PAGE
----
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Biotech firm uses live heart tissue in drug screens

Milwaukee, Wis. - InvivoSciences LLC, a startup biotechnology firm with laboratories in Milwaukee, is working to help drug developers bridge the gap between molecular and animal testing methods. For researchers studying heart diseases, skin disorders, and other maladies, Invivo's manufactured live tissue system could provide that bridge.

Using tissues derived from neonatal rats, the company - featured at a recent meeting of the Wisconsin Biotechnology and Medical Device Association - has created a screening system that allows researchers to test drug candidates on live tissue en masse.

A single rat, culled from colony surpluses, can provide five to 10 live tissue samples. Within two weeks of the initial preparation, the heart tissue "matures" and will continue contracting regularly like a beating heart for a month or longer.

The result is a high-throughput screening method that enables drug developers to screen between 2,000 and 3,000 samples per day.

Tetsuro Wakatsuki, chief scientist and co-founder of Invivo and assistant professor of physiology at the Medical College of Wisconsin, explained that the technology is advantageous because it eliminates cell-to-cell variability. It also minimizes unrelated and invalid leads and protein targets due to toxicity issues, for example, at very early stages of the drug-discovery process.
The information gleaned from the testing method also allows researchers to study biological responses in a three-dimensional environment instead of gathering data from chemical reactions or two-dimensional cell-based assays.

The heart tissue or blood vessel samples can be cultivated to suit large drug-screening projects on 96-well plates, and they can be assembled to provide models for specific disease conditions with either healthy, sick, or genetically modified tissue.

The technology has the ability to help scientists address a variety of diseases, including cardiac fibrosis, hypertension, and asthma, with additional applications in scar contracture, wound healing, and aging skin therapies.

"The ultimate goal is to discover new drugs," Wakatsuki said.

Big business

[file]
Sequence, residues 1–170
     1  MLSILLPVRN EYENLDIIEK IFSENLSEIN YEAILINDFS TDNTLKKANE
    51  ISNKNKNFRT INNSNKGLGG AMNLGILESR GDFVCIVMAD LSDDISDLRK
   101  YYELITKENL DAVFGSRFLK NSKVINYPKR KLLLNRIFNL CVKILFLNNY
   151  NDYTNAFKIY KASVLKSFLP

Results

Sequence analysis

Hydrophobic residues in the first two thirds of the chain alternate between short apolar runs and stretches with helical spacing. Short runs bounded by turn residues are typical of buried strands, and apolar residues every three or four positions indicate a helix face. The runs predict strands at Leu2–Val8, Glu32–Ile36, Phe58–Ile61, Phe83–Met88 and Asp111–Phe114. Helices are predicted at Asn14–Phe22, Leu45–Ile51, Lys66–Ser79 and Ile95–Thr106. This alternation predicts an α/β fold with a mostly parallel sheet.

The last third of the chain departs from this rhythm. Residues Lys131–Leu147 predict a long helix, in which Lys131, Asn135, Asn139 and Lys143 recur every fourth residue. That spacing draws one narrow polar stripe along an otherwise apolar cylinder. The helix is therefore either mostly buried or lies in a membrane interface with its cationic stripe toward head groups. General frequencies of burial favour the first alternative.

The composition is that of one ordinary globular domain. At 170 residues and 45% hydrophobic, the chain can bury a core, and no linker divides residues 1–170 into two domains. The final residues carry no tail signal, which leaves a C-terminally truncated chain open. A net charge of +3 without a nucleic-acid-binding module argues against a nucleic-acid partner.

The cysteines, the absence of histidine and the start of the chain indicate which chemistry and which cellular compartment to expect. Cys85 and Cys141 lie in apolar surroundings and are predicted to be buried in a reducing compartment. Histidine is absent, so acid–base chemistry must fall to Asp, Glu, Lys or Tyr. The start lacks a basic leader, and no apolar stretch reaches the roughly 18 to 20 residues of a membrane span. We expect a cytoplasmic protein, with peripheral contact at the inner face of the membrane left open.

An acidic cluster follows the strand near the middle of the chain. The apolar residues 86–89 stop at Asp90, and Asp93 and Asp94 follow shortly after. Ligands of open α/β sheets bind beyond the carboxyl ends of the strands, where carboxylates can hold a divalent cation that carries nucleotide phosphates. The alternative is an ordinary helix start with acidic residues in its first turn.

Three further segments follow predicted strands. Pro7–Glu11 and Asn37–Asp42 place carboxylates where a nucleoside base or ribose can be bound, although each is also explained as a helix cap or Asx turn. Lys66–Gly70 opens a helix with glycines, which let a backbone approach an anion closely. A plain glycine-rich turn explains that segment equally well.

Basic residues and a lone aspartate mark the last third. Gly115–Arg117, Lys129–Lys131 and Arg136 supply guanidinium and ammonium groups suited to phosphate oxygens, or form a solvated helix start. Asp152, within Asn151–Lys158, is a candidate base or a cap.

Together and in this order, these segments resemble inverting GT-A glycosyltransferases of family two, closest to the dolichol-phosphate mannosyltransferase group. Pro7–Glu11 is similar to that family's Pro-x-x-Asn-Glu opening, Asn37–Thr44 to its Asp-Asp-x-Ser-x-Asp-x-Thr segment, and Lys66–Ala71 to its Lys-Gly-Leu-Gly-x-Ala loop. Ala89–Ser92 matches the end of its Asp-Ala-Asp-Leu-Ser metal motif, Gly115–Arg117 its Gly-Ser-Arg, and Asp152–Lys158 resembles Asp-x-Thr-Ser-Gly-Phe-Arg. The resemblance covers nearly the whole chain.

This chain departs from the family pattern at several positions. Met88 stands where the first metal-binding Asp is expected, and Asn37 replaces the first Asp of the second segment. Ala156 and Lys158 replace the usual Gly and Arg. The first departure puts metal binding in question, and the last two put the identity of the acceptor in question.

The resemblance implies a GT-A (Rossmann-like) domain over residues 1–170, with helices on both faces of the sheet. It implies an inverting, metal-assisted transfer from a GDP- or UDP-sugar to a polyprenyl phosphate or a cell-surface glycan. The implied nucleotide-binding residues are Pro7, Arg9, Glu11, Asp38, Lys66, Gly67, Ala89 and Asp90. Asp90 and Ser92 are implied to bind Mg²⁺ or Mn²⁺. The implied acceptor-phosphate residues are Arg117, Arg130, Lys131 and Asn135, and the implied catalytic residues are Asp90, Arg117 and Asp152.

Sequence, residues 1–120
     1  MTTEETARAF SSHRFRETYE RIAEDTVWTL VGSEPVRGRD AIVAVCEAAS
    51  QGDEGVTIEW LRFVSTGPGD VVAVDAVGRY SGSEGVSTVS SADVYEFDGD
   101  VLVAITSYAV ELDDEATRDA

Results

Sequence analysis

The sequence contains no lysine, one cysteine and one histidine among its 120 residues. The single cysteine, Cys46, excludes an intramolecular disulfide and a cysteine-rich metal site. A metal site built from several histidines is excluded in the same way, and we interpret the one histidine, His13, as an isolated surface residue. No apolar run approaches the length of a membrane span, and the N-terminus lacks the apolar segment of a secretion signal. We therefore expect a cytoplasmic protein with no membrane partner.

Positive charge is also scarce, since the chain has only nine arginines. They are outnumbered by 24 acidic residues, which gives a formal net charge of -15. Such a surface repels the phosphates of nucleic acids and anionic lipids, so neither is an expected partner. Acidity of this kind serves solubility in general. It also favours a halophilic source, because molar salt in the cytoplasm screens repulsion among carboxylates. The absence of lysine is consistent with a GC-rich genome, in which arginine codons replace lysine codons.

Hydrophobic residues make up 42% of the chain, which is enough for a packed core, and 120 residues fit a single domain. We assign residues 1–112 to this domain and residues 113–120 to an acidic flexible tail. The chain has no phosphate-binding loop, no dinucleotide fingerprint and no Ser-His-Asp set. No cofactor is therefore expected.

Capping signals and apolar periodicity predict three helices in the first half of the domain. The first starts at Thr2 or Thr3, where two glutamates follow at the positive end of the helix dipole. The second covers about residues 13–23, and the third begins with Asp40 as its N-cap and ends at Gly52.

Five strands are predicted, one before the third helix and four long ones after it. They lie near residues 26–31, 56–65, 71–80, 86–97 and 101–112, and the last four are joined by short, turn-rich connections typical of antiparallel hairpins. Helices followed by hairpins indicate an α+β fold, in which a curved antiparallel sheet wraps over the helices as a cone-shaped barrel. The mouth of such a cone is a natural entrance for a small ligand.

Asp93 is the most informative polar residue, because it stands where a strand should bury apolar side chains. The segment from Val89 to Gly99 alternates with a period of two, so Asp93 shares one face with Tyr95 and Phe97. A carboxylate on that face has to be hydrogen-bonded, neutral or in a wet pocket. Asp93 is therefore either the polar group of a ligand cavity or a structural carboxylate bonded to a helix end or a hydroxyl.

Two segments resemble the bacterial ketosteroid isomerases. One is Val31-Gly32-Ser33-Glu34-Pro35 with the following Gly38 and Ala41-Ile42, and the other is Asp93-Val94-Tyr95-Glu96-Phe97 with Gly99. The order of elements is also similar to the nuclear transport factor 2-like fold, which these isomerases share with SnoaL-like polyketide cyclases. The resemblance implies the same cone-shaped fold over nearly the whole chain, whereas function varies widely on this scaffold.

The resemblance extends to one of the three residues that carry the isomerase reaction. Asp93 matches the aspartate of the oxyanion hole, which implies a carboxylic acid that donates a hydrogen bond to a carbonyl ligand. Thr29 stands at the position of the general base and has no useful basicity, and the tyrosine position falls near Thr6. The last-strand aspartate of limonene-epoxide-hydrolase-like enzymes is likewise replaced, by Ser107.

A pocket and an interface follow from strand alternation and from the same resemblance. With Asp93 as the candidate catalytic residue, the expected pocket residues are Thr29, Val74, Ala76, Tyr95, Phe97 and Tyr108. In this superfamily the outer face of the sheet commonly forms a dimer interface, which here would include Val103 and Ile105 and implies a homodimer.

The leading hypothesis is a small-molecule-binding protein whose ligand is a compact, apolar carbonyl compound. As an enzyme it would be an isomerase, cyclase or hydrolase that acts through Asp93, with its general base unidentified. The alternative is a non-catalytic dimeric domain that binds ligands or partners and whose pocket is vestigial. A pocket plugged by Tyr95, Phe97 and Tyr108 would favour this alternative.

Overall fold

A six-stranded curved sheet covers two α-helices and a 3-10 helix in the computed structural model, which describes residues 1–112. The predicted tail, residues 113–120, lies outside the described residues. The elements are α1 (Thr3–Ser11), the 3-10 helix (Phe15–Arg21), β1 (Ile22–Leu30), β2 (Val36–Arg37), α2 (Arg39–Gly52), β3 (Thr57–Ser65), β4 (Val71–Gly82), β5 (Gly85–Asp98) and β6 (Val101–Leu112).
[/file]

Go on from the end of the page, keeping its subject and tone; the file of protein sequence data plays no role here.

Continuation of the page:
The Milwaukee-based start up launched in 2001 with capital from its three founders: Wakatsuki, company president Ayla Annac, and Elliot Elson. Washington University in St. Louis provided the license to its patented technology. To access the lucrative market for this technology, Invivo will need more capital soon.

Invivo straddles a few overlapping drug development markets, Annac explained. The U.S. cell analysis market was $5.1 billion in 2004, with 50 percent growth per year, and the therapeutic efficacy and toxicity testing markets comprise approximately $1.1 billion in the U.S., she said.

Annac said that she is aiming for a minimum first round angel investment of $250,000 in the near future. Securing adequate equity investment will allow Invivo to its launch its product within about six months.

In addition, Invivo has sought help from the federal government. The company submitted a new Small Business Technology Transfer (STTR) Phase I grant application in April 2006, and resubmitted a Phase II STTR grant application in August.

Strategic partnerships

Invivo's strategic partnerships have contributed significantly to the company along the way, and Annac is planning to extend the company's collaborative reach.

The Wisconsin Department of Commerce was "instrumental in nourishing the company," Annac said. The agency facilitated Invivo's search for drug-screening collaborators, grant writers, and space at its incubation center in Milwaukee.

"Wisconsin has been very friendly for us as a start up. It is an advantageous location for financing and staffing, and we have felt very welcome here," Annac said.

Additionally, with collaboration from the Medical College of Wisconsin, Wakatsuki has found all the advanced equipment and expertise he needed to advance into drug discovery.

The National Institutes of Health fund several contributing national MCW centers that have had formative roles in Invivo's growth including the Proteomics Center, the Human and Molecular Genetics Center, and Programs for Genomics Applications led by Andrew Green, Howard Jacobs, and Allen Cowley, respectively.

And to develop its instruments, Invivo collaborates with Gilson Inc., a liquid handling and in lab-automation provider.

"Gilson's expertise is playing a crucial role," Wakatsuki explained.

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